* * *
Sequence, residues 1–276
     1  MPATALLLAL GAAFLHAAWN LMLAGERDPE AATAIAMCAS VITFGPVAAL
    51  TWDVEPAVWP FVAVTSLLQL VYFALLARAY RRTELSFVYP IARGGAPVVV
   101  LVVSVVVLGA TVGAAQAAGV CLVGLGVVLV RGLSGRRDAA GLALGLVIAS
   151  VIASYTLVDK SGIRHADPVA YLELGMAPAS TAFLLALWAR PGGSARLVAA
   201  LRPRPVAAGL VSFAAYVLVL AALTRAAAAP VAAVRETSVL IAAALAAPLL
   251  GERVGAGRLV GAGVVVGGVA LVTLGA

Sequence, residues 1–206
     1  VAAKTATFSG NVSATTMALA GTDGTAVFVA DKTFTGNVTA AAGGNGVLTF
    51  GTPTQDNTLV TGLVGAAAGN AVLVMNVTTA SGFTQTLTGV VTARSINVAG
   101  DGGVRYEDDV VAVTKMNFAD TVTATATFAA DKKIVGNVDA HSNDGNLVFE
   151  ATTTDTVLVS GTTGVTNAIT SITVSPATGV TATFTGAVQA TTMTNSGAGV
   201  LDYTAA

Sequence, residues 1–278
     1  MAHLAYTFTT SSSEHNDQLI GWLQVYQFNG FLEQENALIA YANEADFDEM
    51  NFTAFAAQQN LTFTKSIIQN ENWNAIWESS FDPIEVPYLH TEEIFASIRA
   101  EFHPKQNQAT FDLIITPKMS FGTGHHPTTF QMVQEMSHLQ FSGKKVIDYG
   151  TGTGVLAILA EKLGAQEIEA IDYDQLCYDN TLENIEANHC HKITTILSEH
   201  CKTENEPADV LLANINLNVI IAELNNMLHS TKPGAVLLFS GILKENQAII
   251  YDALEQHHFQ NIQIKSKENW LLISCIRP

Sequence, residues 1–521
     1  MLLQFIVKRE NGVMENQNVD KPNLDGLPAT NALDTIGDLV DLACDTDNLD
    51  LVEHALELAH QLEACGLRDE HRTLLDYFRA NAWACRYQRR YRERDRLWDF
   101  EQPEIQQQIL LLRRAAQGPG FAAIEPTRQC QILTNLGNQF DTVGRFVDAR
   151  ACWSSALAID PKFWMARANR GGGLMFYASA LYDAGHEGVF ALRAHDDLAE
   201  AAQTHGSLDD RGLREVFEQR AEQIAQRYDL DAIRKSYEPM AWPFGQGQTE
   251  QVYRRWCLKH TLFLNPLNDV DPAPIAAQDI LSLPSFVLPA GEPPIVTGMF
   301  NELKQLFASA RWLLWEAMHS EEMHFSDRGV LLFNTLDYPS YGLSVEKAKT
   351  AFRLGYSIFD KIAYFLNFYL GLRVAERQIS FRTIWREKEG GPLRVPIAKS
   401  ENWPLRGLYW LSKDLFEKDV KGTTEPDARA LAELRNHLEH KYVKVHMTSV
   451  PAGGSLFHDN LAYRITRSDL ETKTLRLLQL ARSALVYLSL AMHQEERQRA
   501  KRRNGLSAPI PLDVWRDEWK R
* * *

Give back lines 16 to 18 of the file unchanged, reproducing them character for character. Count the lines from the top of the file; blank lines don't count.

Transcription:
    51  NFTAFAAQQN LTFTKSIIQN ENWNAIWESS FDPIEVPYLH TEEIFASIRA
   101  EFHPKQNQAT FDLIITPKMS FGTGHHPTTF QMVQEMSHLQ FSGKKVIDYG
   151  TGTGVLAILA EKLGAQEIEA IDYDQLCYDN TLENIEANHC HKITTILSEH